Ok, not quite — but the Queensland party has released a policy to “fix the rigged system that treats renters as cash cows for real estate agents and property developers.”
The Queensland Renters’ Rights plan involves renters having access to unlimited leases, which they could cancel with three months notice. Landlords would be required to give 12 months notice of the termination of a lease and even then would only be able to do so on “reasonable grounds”.
The policy would also prevent tenants from being evicted from the home if the property owner wanted live in the home themselves or put it on the market.
Generously, the Greens policy would allow the property to evict the tenant after three months in the event of non-payment of rent — although the landlord would also only be able to increase rents every 24 months.
Greens candidate Kirsten Lovejoy heralded the policy, “Renters have been screwed over for so long that they just assume this is the way it is – unfair rent hikes and evictions, unsafe and unhealthy dwellings, unable to own a pet or hang a picture, all the while not knowing if they will have to move when their lease is up in twelve or six months.”
But sadly for Lovejoy and the Greens inner city voters, policies that decrease the incentive to build new housing stock will have the reverse effect on rents.
The overall cost of renting has gone down across Brisbane, but increased in some blue chip suburbs such as Ascot and South Brisbane. Perhaps unsurprisingly, these are the same suburbs where Green voters are clustered.
Ascot, the suburb that has seen the largest increase in rent is found in the seat of Brisbane, the same seat that Kirsten Lovejoy ran for as a Greens candidate during the 2016 election. Perhaps, just maybe, this policy has less to do with affordable housing and more to do with affordable housing in the affluent areas where Green voters choose to live.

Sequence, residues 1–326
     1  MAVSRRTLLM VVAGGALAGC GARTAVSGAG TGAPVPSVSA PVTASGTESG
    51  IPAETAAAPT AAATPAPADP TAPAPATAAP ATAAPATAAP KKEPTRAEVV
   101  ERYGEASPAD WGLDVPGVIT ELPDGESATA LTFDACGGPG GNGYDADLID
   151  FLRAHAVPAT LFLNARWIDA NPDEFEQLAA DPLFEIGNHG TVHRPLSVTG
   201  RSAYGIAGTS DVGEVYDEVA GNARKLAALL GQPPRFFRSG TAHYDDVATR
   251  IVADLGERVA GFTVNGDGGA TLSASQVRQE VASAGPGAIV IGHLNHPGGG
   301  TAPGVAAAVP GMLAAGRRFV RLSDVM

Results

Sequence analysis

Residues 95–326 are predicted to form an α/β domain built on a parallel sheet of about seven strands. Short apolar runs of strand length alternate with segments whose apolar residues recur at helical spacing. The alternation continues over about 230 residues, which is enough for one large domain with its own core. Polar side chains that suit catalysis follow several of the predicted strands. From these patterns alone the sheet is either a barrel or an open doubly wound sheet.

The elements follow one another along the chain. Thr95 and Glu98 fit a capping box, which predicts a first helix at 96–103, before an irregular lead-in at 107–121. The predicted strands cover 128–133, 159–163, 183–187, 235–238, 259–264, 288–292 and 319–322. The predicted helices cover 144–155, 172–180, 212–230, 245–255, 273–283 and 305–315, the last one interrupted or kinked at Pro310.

The Greens, however, do have form in undermining the property rights of landlords. Jonathan Sri the Greens Councillor for Woolloongabba Ward (South Brisbane, the other affluent suburb experiencing increase rent) has previously advocated for and practiced squatting in unoccupied housing. Stunts like this show the Greens aren’t serious about addressing housing affordability, but instead appealing to their inner city constituencies.
There is a lesson in this for the major political parties: housing affordability provides an opportunity for socialists. Simplistic solutions like this are appealing to people who feel left behind in the housing market. Home ownership has always been the bedrock of capitalism in this country. It creates an appreciation and respect for private property and builds the wealth of the middle class.
Government policies that prevent the creation of new housing stock or transformation of old housing stock threaten our society. State governments need to release land and local governments need to allow inner city areas to increase in density so supply can keep pace with demand.
Too often, the problem of housing affordability isn’t greedy landlords or floods of immigrants, but government that’s all too keen to over regulate the housing market.
While Brisbane may not be having a housing affordability crisis, Sydney and Melbourne certainly do.
Both Labor and the Coalition need to address the government created issues behind this crisis if they are going to reduce the appeal of the Greens and their simplistic solutions. Socialism, not even once.
Justin Campbell is General Manager of LibertyWorks Inc.
Illustration: Village Roadshow.
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